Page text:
PEOPLE: Russell Chatham, who descended from turn-of-the-century California landscape painters, said he grew up associating art-making with poverty. “I had to grit my teeth and accept that I was going to be dirt poor my whole life,” he said.   David Briggs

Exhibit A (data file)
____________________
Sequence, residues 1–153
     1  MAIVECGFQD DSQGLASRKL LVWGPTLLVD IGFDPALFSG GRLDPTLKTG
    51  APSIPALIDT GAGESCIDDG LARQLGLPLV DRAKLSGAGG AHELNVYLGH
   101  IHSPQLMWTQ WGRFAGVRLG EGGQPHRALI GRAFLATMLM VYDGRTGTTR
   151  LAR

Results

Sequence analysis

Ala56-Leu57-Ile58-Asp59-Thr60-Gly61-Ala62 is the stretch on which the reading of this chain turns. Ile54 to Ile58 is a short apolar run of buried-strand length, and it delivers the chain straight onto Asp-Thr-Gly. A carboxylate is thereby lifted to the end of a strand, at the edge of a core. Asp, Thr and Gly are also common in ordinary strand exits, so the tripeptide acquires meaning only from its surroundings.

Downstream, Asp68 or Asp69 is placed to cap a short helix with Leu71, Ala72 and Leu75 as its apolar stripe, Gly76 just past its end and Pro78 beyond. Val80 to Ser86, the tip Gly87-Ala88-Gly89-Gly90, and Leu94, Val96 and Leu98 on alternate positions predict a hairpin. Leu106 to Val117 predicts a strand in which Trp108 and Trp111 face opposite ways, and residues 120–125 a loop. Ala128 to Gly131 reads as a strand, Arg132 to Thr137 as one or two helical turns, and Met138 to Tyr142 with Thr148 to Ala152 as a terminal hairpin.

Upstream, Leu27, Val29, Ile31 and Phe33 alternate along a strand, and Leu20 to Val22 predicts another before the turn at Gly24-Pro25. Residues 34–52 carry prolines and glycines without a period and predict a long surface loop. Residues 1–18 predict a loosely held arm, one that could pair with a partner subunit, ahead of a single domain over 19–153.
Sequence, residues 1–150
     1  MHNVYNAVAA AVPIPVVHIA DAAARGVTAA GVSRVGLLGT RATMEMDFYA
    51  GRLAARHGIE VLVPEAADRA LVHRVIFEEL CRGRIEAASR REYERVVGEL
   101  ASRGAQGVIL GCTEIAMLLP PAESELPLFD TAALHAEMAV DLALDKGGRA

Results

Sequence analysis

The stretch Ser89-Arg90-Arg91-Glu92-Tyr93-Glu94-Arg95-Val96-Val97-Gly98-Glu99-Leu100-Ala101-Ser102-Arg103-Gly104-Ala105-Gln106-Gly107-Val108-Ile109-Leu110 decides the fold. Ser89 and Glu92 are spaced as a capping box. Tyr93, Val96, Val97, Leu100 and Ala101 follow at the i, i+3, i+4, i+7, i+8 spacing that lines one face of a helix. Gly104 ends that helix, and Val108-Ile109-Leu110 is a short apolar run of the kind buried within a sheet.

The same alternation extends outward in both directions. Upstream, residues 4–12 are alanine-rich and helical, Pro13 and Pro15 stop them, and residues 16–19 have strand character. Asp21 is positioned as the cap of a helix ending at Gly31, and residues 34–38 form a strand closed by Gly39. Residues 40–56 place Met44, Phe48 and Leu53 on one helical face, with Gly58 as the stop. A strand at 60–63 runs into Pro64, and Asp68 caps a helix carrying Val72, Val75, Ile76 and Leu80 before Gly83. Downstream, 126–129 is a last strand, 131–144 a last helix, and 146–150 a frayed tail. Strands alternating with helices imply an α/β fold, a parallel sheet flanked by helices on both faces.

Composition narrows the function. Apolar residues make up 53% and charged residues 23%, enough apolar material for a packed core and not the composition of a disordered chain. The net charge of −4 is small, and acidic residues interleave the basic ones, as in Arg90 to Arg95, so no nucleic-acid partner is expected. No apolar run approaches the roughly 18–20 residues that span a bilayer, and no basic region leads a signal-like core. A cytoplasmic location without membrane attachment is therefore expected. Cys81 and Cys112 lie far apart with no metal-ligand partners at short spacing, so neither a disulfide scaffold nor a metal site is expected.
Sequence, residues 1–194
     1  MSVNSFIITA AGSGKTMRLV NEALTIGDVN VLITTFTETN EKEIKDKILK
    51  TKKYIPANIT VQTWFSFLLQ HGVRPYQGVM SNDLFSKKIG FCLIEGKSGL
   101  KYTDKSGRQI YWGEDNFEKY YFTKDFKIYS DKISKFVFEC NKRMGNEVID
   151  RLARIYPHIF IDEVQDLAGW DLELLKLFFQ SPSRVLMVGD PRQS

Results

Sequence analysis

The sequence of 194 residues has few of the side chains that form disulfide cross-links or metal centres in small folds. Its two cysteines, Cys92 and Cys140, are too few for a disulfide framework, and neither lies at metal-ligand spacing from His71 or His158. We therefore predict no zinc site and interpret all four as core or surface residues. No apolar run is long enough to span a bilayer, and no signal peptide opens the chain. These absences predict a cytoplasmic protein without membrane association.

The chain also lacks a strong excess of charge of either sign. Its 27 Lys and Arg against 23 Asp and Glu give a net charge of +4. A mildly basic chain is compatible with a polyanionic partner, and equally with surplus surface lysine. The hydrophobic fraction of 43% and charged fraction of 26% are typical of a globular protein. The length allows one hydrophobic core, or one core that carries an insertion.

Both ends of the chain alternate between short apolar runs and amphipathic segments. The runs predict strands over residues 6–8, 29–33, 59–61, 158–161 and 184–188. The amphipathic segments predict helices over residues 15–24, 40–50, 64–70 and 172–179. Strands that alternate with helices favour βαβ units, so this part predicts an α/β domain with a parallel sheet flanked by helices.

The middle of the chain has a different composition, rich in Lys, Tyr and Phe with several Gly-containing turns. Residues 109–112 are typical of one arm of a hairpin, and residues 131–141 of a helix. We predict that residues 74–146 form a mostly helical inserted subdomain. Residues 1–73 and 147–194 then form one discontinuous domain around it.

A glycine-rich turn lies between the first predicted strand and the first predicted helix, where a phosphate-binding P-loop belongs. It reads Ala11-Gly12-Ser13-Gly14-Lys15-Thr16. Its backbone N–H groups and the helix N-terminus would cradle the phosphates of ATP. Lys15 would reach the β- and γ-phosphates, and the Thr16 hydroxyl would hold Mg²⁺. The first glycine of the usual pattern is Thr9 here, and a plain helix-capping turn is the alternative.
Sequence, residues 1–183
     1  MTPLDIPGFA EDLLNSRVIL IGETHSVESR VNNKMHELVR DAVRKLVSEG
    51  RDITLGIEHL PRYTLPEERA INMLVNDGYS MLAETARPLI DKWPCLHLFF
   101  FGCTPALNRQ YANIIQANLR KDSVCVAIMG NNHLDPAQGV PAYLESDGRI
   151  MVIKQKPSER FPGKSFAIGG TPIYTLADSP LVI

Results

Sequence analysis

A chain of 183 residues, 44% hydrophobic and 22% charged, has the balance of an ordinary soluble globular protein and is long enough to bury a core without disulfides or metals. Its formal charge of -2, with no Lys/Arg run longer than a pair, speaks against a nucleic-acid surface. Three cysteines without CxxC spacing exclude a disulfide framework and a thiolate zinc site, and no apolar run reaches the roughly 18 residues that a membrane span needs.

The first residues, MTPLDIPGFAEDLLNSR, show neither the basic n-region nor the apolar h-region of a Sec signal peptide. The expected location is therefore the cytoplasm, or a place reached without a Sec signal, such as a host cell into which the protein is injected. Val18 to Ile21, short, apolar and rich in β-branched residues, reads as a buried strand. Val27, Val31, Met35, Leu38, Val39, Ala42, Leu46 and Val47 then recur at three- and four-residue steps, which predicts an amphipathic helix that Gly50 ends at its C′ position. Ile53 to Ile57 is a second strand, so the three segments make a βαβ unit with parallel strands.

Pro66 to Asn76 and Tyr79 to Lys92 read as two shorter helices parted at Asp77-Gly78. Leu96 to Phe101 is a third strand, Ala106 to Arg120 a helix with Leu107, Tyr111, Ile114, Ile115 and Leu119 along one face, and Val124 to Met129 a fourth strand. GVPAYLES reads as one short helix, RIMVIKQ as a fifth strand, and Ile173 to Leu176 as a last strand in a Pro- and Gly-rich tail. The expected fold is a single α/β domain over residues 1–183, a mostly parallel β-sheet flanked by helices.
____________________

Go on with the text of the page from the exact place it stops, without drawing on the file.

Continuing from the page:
When I met him for this interview, Russell Chatham—painter, printmaker, author, fisherman and restauranteur—gave me a short piece he wrote titled, “Advice for a Young Artist,” which recommends that aspiring artists reject institutions, especially those that claim to teach or promote art. It also urges artists to remember “that you are a sworn enemy of the state . . .

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